"Running scared", is how The Daily Express puts it – the refusal of Gordon Brown to answer Cameron’s question on the EU constitution.
The Sun, on the other hand, has "Cam hammers PM on EU pledge", which is a good sign, when the paper starts using a nickname. The Boy might start realising that "there's votes in that thar referendum."
The sour notes came from the left-leaning papers, such as The Daily Mirror which accused the Boy of trying to portray himself as a Eurosceptic by attacking Labour's refusal to hold a referendum on a European treaty.
It was, says the paper, "a desperate attempt in the last Prime Minister's Question Time before Parliament's summer break to please revolting right-wingers in his own party. But Gordon Brown said it showed the wheels were coming off the Tory bicycle." And, in a brutal Commons put-down, the PM told the Tory leader: "You are back to the old agenda. It didn't take long after the Ealing Southall by-election for you to retreat."
A similar note came from The Guardian political columnist, who apparently applauds Brown's evasion.
But, if the prime minister lived to fight another day, The Telegraph tells us that he might have trouble in his back yard with, potentially, 40 Labour MPs considering backing a backbench campaign for a referendum.
Possible rebels include Ian Davidson, an MP close to Mr Brown and Gisela Stuart, the Labour MP for Birmingham Edgbaston. She intends to demand a referendum in a debate in the Commons today.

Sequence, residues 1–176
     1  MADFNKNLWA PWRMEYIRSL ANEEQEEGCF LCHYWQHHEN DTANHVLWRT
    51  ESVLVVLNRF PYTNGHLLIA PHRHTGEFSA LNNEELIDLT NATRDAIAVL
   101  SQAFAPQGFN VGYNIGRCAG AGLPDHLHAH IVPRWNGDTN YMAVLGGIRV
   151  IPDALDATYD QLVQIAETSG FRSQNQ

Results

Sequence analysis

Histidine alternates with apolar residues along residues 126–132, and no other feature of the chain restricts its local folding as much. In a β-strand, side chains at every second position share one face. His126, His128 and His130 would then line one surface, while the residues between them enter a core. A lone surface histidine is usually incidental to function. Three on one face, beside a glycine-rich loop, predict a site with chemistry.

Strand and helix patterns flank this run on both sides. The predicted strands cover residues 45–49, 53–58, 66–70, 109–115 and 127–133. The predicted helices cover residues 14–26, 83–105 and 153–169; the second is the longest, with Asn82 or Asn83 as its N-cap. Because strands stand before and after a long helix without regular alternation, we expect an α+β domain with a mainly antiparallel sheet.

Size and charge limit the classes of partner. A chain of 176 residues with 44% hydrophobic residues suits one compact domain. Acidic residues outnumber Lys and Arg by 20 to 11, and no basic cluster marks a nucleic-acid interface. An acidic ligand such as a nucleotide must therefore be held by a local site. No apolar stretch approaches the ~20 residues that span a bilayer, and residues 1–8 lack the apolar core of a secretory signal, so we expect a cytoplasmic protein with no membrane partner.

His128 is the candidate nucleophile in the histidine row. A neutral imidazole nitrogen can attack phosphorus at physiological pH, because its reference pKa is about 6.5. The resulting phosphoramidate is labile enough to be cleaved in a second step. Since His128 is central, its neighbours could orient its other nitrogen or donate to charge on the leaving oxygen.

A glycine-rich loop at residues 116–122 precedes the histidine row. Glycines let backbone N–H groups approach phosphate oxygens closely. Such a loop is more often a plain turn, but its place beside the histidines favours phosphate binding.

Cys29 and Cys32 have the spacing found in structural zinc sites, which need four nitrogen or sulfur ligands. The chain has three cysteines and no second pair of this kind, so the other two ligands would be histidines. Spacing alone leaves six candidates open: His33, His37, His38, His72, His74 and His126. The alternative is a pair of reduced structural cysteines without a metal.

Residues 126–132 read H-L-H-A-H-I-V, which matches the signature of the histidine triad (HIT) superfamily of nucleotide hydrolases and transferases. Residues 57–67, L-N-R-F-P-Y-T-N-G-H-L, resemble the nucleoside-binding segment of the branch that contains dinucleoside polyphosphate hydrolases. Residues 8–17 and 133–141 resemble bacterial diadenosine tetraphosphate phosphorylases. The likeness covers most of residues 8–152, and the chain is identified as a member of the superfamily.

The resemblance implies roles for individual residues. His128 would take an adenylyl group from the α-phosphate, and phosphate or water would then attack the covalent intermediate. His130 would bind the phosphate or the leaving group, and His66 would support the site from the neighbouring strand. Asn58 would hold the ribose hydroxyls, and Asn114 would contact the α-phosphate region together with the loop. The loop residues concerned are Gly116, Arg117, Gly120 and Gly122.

Another Labour MP, unnamed, says it was disgraceful that the government was claiming that the new treaty was less far reaching than its predecessor - the Constitutional Treaty - and therefore did not merit a referendum. "It is being spun by the Government as a different treaty in a way that is totally dishonest," the MP is cited as saying.
Today, however, is the last day of this Parliamentary session and the political establishment go off for their long break, not to return until October. It leaves the issue to fester, ready to be picked up at the same time Brown is jetting off to Lisbon to agree the revamped EU constitution.
By then, of course, we will have the full draft and Brown's next attempt at evasion might not be so successful. But, drawing on his predecessor's example on education, he will simply have to redouble his efforts. For the next session, therefore, he will have to offer evasion, evasion, evasion. Not a bad slogan for this prime minister, one thinks.
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